Senate Holds Vote and Hearing for Colorado Federal Court Nominees

A middle aged bald Black man with a slight beard wearing a gray suit and yellow tie sits in front of a microphone at a table. He looks off to the right, appearing to listen to someone off camera.
The U.S. Senate this week confirmed a nominee for Colorado’s federal court and questioned another nominee, Judge Kato Crews, pictured. / Screenshot from Senate Judiciary Committee livestream.

On Wednesday, the U.S. Senate advanced nominees for Colorado’s federal court. 

Judge Gordon Gallagher on March 22 was confirmed by a 53-43 majority of the Senate and Judge Kato Crews was questioned by the Senate Judiciary Committee. 

Gallagher, an attorney and magistrate judge for the U.S. District Court for the District of Colorado since 2012, was nominated last fall by Pres. Joe Biden to fill a vacancy created by U.S. District Court Judge William Martínez who assumed senior status on Feb. 10. Gallagher appeared before the Senate Judiciary Committee in December 2022 before his March 22 vote. 

Gallagher’s confirmation fell primarily along party lines, with present Senate Democrats voting in favor along with a handful of Republicans. 

Sen. Richard Durbin introduced Gallagher and expressed his support in statements in the March 22 Senate record. “Given his significant trial experience and deep knowledge of Western Colorado, I strongly support the nomination of Judge Gallagher and am glad to see him confirmed,” said Durbin in the statement. 

Gallagher received his J.D. from the University of Denver Sturm College of Law and after graduation worked briefly in private practice before joining the 21st Judicial District Attorney’s Office in Mesa County on the western slope. After working as a prosecutor, Gallagher represented clients on the other side of the courtroom as a solo practitioner in a criminal defense firm while also working for the office of alternative defense counsel. Since his appointment as a federal magistrate judge in 2012, Gallagher has maintained an active practice.  

According to Senate records, Gallagher has tried a total of 275 cases, including 250 jury trials, and presided over a dozen criminal misdemeanor and petty offense trials as a magistrate. 

Earlier in the day, senators questioned Crews who was nominated by Biden in February to fill an upcoming vacancy created by Judge Raymond Moore who will assume senior status June 20. 

Crews was one of three federal court nominees questioned by the Senate Judiciary Committee on March 22 but received the majority of tense questions from senators. 

As well as receiving support from Colorado Sens. Michael Bennet and John Hickenlooper, Crews went in front of the committee with letters of support from multiple former clerks, the Colorado Women’s Bar Association, the Colorado Hispanic Bar Association, the Asian Pacific American Bar Association of Colorado, the Sam Cary Bar Association, a former union representative, several groups of Colorado attorneys and Colorado Supreme Court Justice Monica Márquez.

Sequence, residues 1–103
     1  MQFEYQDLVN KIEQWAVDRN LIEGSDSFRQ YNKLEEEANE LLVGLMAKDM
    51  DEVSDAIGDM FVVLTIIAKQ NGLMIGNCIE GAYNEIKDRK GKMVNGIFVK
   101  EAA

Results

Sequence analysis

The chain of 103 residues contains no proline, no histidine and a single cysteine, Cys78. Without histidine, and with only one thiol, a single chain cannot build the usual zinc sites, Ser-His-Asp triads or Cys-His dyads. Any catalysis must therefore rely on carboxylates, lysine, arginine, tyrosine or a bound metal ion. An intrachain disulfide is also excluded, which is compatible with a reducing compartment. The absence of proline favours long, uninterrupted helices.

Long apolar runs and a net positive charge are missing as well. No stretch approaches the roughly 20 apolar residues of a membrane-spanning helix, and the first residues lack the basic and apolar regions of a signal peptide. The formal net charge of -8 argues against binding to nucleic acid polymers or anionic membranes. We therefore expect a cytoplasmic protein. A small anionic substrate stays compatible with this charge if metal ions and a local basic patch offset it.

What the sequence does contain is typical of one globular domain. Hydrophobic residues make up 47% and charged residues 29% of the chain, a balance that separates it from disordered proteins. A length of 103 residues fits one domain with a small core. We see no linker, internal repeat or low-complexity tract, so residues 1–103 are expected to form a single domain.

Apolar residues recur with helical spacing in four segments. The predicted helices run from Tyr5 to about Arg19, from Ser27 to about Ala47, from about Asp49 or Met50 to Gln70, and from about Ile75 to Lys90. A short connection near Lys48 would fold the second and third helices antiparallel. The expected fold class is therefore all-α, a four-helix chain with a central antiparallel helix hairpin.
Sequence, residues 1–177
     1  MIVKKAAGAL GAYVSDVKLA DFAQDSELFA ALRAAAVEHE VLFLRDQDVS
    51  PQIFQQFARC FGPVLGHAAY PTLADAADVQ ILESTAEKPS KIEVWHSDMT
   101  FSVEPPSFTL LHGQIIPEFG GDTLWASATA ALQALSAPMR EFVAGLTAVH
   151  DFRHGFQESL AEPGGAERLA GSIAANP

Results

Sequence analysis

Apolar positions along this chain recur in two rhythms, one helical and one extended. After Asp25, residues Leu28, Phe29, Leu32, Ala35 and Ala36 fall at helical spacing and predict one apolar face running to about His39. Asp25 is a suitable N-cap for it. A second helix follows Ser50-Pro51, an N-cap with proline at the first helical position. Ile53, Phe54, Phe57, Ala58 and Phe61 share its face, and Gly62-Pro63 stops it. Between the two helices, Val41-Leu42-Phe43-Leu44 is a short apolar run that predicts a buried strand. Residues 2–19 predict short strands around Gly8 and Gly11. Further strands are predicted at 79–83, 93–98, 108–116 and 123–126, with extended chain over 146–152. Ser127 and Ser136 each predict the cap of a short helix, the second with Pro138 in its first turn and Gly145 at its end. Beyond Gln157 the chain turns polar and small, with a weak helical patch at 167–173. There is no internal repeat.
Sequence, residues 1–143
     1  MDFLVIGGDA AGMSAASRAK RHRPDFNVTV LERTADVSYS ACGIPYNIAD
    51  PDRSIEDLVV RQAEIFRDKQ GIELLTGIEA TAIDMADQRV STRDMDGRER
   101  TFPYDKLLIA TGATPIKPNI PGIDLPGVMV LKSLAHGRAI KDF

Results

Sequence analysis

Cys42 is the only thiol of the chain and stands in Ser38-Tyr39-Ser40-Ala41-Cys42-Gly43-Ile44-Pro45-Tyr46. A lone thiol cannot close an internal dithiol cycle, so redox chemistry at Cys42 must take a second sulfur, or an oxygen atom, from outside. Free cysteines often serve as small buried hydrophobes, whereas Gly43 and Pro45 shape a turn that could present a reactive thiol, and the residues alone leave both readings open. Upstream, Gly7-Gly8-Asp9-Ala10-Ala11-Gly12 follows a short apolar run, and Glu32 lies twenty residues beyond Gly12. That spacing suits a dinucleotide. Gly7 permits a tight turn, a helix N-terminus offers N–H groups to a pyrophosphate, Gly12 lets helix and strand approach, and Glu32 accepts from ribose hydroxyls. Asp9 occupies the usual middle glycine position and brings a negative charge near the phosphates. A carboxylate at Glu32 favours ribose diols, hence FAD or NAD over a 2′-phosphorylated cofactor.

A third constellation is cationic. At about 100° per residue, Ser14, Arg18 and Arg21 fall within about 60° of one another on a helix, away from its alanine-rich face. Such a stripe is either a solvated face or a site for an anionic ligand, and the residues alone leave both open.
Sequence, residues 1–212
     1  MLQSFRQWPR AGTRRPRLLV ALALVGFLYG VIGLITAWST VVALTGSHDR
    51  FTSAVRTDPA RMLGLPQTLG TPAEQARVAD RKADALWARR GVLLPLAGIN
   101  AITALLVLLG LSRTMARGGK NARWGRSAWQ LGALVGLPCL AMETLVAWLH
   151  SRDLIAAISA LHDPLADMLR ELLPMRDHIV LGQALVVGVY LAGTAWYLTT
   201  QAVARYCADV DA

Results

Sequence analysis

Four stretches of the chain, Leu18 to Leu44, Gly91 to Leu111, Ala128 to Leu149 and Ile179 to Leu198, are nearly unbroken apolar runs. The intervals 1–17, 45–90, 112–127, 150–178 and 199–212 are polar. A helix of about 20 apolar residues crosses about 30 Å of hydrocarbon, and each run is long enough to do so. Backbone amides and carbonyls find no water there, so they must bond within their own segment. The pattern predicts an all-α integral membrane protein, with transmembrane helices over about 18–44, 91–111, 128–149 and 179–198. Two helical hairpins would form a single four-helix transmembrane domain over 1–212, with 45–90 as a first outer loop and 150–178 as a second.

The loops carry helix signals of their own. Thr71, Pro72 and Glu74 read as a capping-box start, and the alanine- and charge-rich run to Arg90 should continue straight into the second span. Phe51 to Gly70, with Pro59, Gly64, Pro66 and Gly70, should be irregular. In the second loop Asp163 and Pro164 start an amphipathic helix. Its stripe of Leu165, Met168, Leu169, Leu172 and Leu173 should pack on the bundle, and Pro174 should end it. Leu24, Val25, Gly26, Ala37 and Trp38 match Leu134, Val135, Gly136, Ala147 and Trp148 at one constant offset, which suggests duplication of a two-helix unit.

Crews was appointed as a federal magistrate judge in 2018 and became the first Black magistrate in Colorado’s federal district court. Prior to his appointment, Crews worked in employment law matters first with the Denver office of the National Labor Relations Board then in private practice as a partner at what is now Lewis Roca Rothgerber Christie LLP. Afterward, Crews was one of the founding partners of Hoffman Crews Nies Waggener & Foster LLP where he practiced civil litigation and labor and employment law. He received his J.D. from the University of Arizona, James E. Rogers College of Law. 

Introducing him to the full committee, Bennet said Pueblo-born Crews’ experience representing companies and workers in labor and employment matters and his time on the bench are reasons he’s supported Crews. 

In his more than four years as a magistrate judge, Crews has presided over five jury trials and established the Federal Limited Appearance Program in partnership with the Colorado Bar Association’s Young Lawyers Division to pair pro se litigants with pro bono representation in federal hearings. 

“He’s one of the most successful judges in our state, and one of the most qualified,” said Bennet. 

While Crews had robust support heading into the hearing, the committee pressed him on his record and judicial approach. 

Republican Sen. John Kennedy asked Crews to address the 18 cases where a decision of his was reversed or partially reversed on appeal. 

Crews noted that in his career he has issued more than 1,500 orders and recommendations and added that he approaches all cases before him in the same way. “Which is to analyze the law, analyze the Supreme Court and 10th Circuit precedent that bears on those cases and I apply those to the facts of that case,” Crews said. He added that many of the overturned cases were matters he reviewed de novo and he said he respected the decisions of district court judges who disagreed with him. 

Kennedy then asked Crews to describe how he approaches a Brady motion, which requires prosecutors to disclose evidence in their possession that could be exculpatory. Crews responded that he hadn’t been presented with a Brady motion on the bench. Kennedy asked Crews to recall the originating Supreme Court case, Brady v. Maryland, and its holding. 

“I believe that the Brady case involves something regarding the Second Amendment. I have not had occasion to address that,” Crews responded. “If that issue were to come before me, I would certainly analyze that Supreme Court precedent and apply it as I would need to to the facts in front of me,” he added. 

The Senate committee will need to vote to advance Crews. If a majority of the committee agrees to advance his nomination, it will be sent to the full U.S. Senate for consideration.

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